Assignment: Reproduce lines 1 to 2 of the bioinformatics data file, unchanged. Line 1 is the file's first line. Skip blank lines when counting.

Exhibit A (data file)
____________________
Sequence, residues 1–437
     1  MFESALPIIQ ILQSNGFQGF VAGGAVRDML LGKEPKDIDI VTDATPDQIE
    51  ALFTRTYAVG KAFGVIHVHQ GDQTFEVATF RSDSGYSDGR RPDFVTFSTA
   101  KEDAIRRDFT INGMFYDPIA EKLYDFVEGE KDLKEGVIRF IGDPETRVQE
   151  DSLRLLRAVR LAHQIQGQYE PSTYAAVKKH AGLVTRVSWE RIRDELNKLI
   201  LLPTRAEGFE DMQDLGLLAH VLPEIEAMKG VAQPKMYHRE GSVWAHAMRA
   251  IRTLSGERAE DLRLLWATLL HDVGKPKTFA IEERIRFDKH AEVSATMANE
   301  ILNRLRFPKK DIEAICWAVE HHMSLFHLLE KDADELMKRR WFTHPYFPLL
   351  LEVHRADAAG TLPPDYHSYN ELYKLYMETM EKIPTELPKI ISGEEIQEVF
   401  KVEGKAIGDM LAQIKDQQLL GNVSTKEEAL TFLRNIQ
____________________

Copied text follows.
Sequence, residues 1–437
     1  MFESALPIIQ ILQSNGFQGF VAGGAVRDML LGKEPKDIDI VTDATPDQIE